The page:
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Sick, Dying Pigs Slaughtered for Food
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The markets watchdog of Shenzhen has launched an investigation into a scandal that unlicensed and unhygienic pork was supplied to a local market.

"We are very concerned about the issue. We will take appropriate action to punish the market if the allegations are confirmed," a spokesman for the Shenzhen industrial and commerce bureau told China Daily yesterday.

"We will destroy the unlicensed pork and boost efforts to ensure food safety for local people."

The local newspaper Daily Sunshine reported on Monday that about 260 live pigs, including ones that were sick and dying, were butchered daily at three illegal slaughterhouses before being transported to the nearby Guohui farm products market, a large-scale wet market in the Nanshan district of Shenzhen.

Undercover reporters also discovered that each of the pigs was injected with about 20 kg of water to falsely boost its weight and hence its value.

The scandal comes at a time when the retail price of pork is at a record high across the nation.

According to the report, the operators of the illegal business were making about 1,200 yuan (US$160) profit for each 50 kg pig they sold.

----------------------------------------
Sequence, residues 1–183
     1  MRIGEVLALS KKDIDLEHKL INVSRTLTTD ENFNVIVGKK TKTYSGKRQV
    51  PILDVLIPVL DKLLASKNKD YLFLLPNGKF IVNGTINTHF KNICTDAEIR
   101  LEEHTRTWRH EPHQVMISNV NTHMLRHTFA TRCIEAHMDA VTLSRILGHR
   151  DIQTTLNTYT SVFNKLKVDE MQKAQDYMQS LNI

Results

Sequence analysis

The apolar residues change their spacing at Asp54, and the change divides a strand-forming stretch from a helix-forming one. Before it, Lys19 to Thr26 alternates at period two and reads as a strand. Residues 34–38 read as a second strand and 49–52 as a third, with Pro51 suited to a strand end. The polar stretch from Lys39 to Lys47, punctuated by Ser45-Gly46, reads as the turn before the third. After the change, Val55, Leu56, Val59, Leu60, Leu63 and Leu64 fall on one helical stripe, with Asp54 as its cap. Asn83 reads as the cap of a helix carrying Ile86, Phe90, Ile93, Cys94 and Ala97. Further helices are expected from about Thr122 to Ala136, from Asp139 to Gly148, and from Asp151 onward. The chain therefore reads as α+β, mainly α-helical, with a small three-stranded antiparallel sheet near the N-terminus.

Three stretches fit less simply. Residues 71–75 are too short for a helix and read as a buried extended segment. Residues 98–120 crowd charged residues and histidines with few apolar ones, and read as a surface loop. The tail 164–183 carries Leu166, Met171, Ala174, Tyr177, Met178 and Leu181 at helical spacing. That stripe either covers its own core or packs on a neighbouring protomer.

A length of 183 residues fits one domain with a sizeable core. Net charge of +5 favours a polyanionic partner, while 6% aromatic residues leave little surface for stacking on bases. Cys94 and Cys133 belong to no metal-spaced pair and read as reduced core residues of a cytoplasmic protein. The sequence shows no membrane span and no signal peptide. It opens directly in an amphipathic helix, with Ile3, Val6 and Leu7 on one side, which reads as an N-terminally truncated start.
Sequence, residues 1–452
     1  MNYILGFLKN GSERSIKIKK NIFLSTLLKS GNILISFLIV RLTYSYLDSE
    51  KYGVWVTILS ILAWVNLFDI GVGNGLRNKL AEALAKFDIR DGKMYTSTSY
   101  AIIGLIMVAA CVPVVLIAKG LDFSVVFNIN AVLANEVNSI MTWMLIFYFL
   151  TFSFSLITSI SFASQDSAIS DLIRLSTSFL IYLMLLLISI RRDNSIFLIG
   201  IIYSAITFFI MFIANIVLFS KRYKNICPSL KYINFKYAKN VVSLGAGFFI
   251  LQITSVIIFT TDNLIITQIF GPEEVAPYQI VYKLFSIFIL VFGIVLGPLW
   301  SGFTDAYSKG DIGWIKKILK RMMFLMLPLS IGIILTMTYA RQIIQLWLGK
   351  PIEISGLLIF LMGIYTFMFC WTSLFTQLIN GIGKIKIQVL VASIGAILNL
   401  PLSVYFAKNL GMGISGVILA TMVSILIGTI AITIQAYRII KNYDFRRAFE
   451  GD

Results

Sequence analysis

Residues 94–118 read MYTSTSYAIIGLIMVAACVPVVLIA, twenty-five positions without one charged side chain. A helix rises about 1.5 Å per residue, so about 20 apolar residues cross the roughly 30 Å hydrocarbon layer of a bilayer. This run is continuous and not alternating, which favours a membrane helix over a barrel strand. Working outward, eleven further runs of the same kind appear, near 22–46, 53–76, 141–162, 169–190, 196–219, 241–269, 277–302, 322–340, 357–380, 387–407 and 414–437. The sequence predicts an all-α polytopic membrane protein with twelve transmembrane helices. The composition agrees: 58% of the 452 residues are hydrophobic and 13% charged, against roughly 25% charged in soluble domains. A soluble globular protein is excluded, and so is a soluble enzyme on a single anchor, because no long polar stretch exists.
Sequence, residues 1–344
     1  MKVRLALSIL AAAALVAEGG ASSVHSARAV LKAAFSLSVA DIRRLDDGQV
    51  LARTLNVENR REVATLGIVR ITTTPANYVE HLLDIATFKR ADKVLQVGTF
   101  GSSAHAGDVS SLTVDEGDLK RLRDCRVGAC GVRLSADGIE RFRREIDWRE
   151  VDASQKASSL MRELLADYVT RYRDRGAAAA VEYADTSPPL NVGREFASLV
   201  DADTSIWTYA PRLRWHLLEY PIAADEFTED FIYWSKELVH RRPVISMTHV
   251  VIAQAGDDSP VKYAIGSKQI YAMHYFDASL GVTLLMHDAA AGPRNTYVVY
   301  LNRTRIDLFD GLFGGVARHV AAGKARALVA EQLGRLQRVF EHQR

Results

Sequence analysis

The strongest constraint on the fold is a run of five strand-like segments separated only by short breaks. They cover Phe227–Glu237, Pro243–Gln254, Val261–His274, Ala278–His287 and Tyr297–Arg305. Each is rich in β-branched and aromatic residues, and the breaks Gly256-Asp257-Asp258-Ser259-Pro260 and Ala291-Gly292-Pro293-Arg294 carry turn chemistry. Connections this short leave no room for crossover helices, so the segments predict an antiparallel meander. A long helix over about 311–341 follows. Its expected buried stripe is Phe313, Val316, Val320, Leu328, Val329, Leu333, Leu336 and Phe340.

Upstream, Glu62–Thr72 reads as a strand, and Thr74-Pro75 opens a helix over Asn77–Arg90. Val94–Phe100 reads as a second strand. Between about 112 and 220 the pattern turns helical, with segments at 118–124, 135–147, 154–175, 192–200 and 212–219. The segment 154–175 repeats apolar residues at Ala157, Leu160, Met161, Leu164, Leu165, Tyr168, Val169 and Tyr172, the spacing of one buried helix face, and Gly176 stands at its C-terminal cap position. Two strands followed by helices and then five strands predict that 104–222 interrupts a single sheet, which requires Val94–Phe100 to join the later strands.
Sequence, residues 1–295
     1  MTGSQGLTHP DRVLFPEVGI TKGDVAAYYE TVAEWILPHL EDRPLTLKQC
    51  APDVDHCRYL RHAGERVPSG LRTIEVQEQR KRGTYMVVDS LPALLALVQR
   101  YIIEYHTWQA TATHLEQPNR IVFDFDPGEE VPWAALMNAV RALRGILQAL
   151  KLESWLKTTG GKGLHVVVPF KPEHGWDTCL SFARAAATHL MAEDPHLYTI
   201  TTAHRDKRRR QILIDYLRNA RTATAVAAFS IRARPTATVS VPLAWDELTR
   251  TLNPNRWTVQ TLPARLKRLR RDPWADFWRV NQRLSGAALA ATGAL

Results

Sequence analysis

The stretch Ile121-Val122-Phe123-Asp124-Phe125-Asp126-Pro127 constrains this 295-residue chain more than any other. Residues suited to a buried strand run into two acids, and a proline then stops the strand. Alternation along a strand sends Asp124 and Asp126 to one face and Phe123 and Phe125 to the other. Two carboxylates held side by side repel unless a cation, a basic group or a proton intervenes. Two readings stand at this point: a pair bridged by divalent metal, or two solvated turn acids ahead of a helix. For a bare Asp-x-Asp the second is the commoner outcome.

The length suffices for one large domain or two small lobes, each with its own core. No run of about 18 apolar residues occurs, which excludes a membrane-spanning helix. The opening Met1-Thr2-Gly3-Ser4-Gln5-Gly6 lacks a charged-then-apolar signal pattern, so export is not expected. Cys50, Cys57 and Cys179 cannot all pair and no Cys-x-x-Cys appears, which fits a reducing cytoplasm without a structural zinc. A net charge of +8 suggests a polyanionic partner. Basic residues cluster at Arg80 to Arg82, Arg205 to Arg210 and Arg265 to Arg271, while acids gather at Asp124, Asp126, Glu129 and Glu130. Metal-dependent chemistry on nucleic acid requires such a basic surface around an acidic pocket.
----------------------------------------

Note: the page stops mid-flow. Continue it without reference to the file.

The unlicensed butchers, who worked from 2 AM to 7 AM each day, were also said to be earning more than 5,000 yuan a month, compared with the local average wage of about 3,000 yuan.

The market's manager, surnamed Liu, said all the pork on sale was from a government-authorized slaughterhouse. However, reporters could find receipts for just 19 pigs, far less than the number on sale.

According to the newspaper report, a man surnamed Ye, who is in charge of the pork stalls at Guohui market, admitted that unlicensed and problem meat had been sold. However, he promised to rectify the situation.

Shenzhen residents said they were anxious and angry about the alleged scandal.

"I buy pork from the market every day, but I never doubted its quality until I read the news. How can the market's management be so irresponsible? How can they neglect the people's health?" a woman surnamed Ma said.

The city's food safety system stipulates that all pork is quarantined before going on sale, and that all wet markets and supermarkets buy their meat from approved slaughterhouses.

(China Daily July 11, 2007)

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